Freetronics: Arduino-Compatible Electronics Kits & Parts

Here at Freetronics we design, sell and support our range of flexible, easy to use boards and modules, making it easy for you to build your own electronic projects.

What Is Arduino? Arduino is a very popular and easy to use programmable board for creating your own projects. Consisting of a simple hardware platform and a free source code editor with an easy “one-click compile/upload” feature, it’s designed to be really easy to use without being an expert programmer. Arduino is also the most popular microcontroller board for advanced users and all kinds of more ambitious projects.... Read more

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Arduino Kits Online

Looking for an Arduino kit online then you have come to the right place. We design, sell and supply electronic components which are arduino components.
For Arduino kits in Melbourne then always go for Freetronics.

Arduino parts online

If you need Arduino parts online our store has a wide range of kits and parts. Arduino melbourne, arduino uno, arduino duemilanove usb

Arduino duemilanove

We have lots of Arduino electronic components like ethernet shield, arduino mega usb and buy usbdroid

Microcontroller Boards

We sell a huge range of microcontroller boards which will be compatible with adruino electronic components

News

July 30, 2015

Monitor multiple buttons with only one Raspberry Pi input

Reading the status of more than one digital input such as a button with only one input pin is a common method of minimising I/O usage and is accomplished with a resistor network and a single analogue-to-digital pin. However as the Raspberry Pi doesn't have an ADC, another method is required. 

One example of this has bee demonstrated by Instructables member JRV31 whose solution still uses a resistor network, but instead uses the resulting voltage to charge a capacitor at a varying rate depending on which button has been pressed. The Pi then monitors the duration between state changes of the digital pin connected to the circuit - and then with the timing knowledge can determine which button has been pressed. 

An ingenious solution to a common problem, of which you can learn more about from the Instructable page. And for more, we're on facebookGoogle+, and twitter - so follow us for news and product updates as well.

Another neat way to interface your Raspberry Pi with external hardware is to use an Arduino-compatible board - and one neat example is the Freetronics PiLeven board:

The PiLeven is an Arduino-compatible board based on the Arduino Uno, but with a few changes. Obviously it's a bit of a strange shape! The PiLeven fits right on top of a Raspberry Pi (either model B or B+) using the Raspberry Pi expansion headers.

The PiLeven also has a high-current switchmode power supply, so you can plug in anything from 7V to 18Vdc using the standard 2.1mm jack. The PiLeven can power the Raspberry Pi, so you don't need a regulated 5V USB connection anymore.

Serial communications on the PiLeven is linked through to the Raspberry Pi, so your Pi can upload new sketches straight to the PiLeven or send/receive data and commands. We've included level shifters so the 3.3V Pi can talk safely to the 5V PiLeven. And you can plug standard Arduino shields right into the PiLeven, giving your Raspberry Pi access to the huge range of shields already available. For more information about the PiLeven, including our tutorials - and to order yours today, visit the PiLeven webpage.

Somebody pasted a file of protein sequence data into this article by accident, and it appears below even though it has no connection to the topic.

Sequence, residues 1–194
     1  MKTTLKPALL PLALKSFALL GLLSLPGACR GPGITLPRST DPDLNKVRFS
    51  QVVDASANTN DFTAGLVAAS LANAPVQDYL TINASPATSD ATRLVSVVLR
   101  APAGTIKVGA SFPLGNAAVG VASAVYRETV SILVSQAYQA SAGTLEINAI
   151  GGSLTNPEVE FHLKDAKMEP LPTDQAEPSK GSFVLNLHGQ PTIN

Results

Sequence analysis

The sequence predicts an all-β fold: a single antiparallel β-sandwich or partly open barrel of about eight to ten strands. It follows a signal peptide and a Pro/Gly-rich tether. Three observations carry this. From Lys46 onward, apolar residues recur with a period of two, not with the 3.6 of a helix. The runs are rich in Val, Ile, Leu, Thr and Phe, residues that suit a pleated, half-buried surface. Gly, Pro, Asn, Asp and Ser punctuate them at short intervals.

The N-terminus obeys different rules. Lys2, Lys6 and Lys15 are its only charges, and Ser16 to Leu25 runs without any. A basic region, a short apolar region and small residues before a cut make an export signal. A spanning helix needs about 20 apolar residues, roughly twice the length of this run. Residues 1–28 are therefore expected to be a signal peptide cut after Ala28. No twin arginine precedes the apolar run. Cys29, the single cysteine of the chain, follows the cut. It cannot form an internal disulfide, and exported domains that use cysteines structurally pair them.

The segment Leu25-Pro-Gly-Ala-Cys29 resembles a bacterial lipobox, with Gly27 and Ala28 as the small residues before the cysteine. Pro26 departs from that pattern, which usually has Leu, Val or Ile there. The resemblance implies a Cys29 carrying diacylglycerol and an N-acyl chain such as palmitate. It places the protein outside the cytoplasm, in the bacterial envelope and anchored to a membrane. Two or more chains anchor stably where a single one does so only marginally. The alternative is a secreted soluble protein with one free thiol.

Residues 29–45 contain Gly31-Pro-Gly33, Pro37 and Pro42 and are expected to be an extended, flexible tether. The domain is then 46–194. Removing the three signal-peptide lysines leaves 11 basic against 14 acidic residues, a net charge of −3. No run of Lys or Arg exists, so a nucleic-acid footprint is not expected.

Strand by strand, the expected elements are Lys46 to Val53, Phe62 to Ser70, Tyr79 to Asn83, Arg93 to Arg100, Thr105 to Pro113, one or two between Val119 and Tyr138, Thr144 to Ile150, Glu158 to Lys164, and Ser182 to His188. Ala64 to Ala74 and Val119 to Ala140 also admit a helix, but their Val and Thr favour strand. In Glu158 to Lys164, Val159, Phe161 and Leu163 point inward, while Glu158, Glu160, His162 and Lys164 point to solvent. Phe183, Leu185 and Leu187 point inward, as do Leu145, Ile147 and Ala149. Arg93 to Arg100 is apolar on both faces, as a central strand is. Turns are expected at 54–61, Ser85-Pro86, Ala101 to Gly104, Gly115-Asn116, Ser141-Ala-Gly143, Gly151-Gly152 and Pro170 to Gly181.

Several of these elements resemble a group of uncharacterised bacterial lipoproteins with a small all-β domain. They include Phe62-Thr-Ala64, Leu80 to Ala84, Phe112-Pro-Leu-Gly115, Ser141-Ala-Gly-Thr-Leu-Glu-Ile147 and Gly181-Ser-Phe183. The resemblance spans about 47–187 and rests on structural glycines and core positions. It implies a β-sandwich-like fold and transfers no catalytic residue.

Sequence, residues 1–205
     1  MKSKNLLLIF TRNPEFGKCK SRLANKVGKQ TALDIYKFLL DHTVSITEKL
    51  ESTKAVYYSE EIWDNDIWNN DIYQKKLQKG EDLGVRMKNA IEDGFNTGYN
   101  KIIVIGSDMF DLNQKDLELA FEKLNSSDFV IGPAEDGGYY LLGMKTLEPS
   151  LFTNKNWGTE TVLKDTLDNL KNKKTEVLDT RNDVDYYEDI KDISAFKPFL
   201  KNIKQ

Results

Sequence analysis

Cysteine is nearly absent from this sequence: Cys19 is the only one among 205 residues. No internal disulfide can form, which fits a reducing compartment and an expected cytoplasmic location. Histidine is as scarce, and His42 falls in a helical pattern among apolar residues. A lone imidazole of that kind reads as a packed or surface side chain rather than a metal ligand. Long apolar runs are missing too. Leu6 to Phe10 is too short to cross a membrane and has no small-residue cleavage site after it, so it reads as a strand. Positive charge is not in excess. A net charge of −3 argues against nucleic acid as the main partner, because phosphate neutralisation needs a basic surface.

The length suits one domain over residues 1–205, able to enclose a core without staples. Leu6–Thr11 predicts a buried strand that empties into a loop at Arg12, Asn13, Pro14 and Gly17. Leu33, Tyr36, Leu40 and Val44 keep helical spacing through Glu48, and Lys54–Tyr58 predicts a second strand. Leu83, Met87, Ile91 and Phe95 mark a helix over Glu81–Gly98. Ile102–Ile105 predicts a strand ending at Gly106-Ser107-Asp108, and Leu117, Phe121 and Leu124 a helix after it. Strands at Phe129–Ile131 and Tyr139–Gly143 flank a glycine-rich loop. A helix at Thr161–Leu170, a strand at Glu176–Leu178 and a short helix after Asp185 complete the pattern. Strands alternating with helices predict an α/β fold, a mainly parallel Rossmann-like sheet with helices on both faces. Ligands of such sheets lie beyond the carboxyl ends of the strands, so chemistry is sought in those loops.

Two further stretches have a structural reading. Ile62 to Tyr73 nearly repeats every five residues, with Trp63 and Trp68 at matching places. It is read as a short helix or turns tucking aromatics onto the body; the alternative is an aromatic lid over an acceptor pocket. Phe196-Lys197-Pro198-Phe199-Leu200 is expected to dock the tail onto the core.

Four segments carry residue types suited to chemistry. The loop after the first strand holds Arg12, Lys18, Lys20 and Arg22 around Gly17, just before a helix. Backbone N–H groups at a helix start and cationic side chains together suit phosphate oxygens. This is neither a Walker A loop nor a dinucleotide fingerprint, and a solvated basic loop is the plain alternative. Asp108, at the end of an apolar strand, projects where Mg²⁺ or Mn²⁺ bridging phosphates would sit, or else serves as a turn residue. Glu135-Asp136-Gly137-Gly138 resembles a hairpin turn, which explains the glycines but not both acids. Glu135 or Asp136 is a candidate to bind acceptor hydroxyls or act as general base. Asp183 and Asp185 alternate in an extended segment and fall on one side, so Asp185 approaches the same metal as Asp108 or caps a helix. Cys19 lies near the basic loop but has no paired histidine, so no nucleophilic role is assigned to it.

July 27, 2015

Build your own custom Minecraft controller with Arduino

Fans of any keyboard-based computer game - and especially Minecraft players, will appreciate the ability to execute commands as quickly as possible. One neat method of doing so is to make your own control board with an Arduino or compatibe and a great example of this has been demonstrated by Lakhan Mankani.

By using an Arduino Leonardo or compatible board - as they can emulate a USB keyboard or mouse - you can easily create your own input device and have that emulate keyboard presses or a sequence of keystrokes to your PC. Thus by arranging simple buttons to the Arduino in the required layout - and with the matching code - you can have a custom keyboard to take care of finicky commands.

This type of device is also useful for non-gamers, any sequence of keystrokes used repetitively can be assigned to a button and exectured when necessary. To learn more and make your own, visit Lakhan's website. And for more, we're on facebook, twitter and Google+, so follow us for news and product updates as well.

Looking for a small Arduino-compatible board to use as the basis of your own keyboard? Consider our LeoStick - it's the Arduino Leonardo-compatible board that's cheaper and smaller than the original:

Apart from being one of the smallest Arduino-compatibles on the market with USB, it also has an onboard RGB LED and piezo which can be used a knock sensor and various tune and sound effects. Plus you can add extra circuitry with the matching protostick! For more information and to order, click here.

July 22, 2015

Make your own "connected" lighting device with Raspberry Pi and PubNub

One of the great benefits that comes with the Raspberry Pi is the ease of connecting external hardware to the Internet thanks to the onboard network interface. This synergy can be harnessed for your benefit and one neat example of this is the connected light device described by Kevin Gleason.

His example of a connected device is the ability to control a RGB LED connected to the Pi from an Android device via the PubNub cloud-based data service. This is made easier thanks to PubNub's python and C++ libraries for Raspberry Pi - along with notes on creating an Android app for control. 

Even if you're not interesting in controlling lights, this project is an excellent framework for creating connected devices you can control from afar - so visit the project's Instructable page to get started. And for more, we're on facebookGoogle+, and twitter - so follow us for news and product updates as well.

If you're looking for a neat way to add external circuitry to your Raspberry Pi model A+, B+ or 2 model B then check out our new PiBreak Plus Raspberry Pi Prototyping Board: